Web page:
GaryLH
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I forgot to mention that according to an interview awhile back, sigma mentioned that they do all their final lens testing on a rig that uses a sigma sensor, whether we are talking about Nikon or canon or m43 or e mount or their own sigma mount lenses. So they at least have the basis to work on a mirrorless csc design of their own. It would be a far cry from a test mount setup to a usable csc design, but at least they have some sort of idea of what needs to be done.

One of my suspicions on lack of work here, is the CPU and digital path horsepower and throughput. While it is one thing to do something for a test rig, it is another to meet the demands of real world users. They really probably don't have the budget or experience hw engineers to do all the new designs required. Given the limited number of users world wide, they can't spend the money on too many different product lines.

At least the DP series keeps them in the game. Anyway doesn't mean I can't wish

Gary
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Old 02-16-2016   #5
Samouraļ
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The Merrill files can't be more hardware intensive than the Quattro's, right? I'd be pleased as punch with a Merrill Redux lineup with the performance improvements of the Quattros.

I had an SD1M and sold it again because the AF was so poor. Felt slower than my DP Merrills, amazingly enough. I don't know how that's possible, DSLR AF being as mature as it is.

---

Now, if Sigma is doing lens test benching on Sigma sensors, that must mean that they have prototype full-frame Foveon sensors that are functional. What I wouldn't give to try that, even if it's a disembodied module attached to a computer.
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Old 02-16-2016   #6
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We are definitely all spoiled by modern af.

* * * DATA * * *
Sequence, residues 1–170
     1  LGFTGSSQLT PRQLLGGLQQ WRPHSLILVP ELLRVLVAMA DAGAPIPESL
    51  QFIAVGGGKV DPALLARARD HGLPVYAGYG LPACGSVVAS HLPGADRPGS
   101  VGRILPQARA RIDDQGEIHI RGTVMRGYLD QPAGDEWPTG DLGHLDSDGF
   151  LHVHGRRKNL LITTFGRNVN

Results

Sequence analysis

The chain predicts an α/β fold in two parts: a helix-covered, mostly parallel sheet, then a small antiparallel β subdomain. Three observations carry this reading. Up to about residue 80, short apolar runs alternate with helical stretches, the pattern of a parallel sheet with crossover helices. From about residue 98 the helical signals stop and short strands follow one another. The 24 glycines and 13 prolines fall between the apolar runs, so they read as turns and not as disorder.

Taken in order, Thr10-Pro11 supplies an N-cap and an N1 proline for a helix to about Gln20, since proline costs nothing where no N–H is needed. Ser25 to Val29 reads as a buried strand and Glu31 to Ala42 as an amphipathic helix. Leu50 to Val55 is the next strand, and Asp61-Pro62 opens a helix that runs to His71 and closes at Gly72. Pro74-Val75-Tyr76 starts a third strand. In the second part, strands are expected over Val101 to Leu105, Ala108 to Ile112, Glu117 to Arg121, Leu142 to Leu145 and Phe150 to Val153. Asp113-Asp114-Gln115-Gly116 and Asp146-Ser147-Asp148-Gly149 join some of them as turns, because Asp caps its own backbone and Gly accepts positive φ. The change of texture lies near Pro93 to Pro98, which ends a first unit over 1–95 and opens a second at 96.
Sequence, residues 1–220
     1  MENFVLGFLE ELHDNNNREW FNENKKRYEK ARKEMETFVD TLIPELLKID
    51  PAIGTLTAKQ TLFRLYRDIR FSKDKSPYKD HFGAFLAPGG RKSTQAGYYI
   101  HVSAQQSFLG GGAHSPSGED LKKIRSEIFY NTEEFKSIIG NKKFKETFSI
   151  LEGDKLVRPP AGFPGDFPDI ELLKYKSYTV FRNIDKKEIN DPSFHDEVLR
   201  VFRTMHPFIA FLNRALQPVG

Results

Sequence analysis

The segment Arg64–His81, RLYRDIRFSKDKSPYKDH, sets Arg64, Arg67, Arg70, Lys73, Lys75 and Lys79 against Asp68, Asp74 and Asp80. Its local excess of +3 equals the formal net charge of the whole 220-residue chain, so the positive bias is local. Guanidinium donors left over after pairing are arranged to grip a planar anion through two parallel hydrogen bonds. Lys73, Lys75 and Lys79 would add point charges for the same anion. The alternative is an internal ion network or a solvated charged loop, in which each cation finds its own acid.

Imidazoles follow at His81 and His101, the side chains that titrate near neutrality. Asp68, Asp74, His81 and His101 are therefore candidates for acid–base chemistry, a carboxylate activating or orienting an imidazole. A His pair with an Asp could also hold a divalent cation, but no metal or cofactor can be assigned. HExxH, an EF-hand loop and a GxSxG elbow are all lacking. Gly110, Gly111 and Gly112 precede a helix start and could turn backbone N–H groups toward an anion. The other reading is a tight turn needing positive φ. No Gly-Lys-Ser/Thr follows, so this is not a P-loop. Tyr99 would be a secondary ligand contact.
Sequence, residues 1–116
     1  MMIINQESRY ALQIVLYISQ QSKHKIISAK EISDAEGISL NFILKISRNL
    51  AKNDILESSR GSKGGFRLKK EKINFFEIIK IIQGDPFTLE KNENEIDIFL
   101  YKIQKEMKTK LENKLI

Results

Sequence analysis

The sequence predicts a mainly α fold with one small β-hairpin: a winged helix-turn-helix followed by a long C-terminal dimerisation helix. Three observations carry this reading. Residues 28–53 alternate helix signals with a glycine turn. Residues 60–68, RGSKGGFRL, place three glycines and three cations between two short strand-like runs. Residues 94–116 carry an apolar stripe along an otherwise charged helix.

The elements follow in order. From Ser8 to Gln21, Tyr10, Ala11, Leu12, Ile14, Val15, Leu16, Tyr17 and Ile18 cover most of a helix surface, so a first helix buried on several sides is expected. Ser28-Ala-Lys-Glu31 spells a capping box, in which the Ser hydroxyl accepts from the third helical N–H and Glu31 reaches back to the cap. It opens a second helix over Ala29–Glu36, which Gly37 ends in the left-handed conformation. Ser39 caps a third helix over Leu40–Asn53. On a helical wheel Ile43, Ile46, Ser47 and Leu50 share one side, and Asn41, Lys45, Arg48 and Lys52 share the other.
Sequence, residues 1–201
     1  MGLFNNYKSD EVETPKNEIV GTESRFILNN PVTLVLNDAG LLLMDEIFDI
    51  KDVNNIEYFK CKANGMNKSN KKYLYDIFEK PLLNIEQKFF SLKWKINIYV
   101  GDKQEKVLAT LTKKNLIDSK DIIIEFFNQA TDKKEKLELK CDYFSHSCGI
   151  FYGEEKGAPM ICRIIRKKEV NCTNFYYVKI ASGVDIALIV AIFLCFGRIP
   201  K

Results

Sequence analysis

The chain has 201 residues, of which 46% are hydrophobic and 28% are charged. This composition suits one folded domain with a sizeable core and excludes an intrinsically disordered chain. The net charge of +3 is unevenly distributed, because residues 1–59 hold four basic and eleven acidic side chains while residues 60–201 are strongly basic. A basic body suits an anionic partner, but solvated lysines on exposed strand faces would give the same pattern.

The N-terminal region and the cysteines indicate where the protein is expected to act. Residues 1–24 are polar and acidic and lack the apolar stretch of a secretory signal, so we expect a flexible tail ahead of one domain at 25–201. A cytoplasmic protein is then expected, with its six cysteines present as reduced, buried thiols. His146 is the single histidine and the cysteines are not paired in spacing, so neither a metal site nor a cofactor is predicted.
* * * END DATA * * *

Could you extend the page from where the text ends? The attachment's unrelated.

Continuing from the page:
I suspect they didn't design in enough CPU horsepower to handle both the digital path work and the af speed to make it comparible to more modern designs like the Nikon D700 let alone a D810. To me, the af speed is around D200, maybe slightly below.

A Merrill redux using the CPU equivelant from the Quattro would most likely improve the sd1m.

I would love to c live view added as well. I could remove the ir filter and shoot full spectrum or do 720Nm ir and use live view to focus.. I could shoot ir w/ the sd1m, but I would have play games to get accurate focus or shoot everything at infinity.

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Old 02-16-2016   #7
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Quote:
Originally Posted by Samouraļ View Post
The Merrill files can't be more hardware intensive than the Quattro's, right? I'd be pleased as punch with a Merrill Redux lineup with the performance improvements of the Quattros.

I had an SD1M and sold it again because the AF was so poor. Felt slower than my DP Merrills, amazingly enough. I don't know how that's possible, DSLR AF being as mature as it is.

---

Now, if Sigma is doing lens test benching on Sigma sensors, that must mean that they have prototype full-frame Foveon sensors that are functional. What I wouldn't give to try that, even if it's a disembodied module attached to a computer.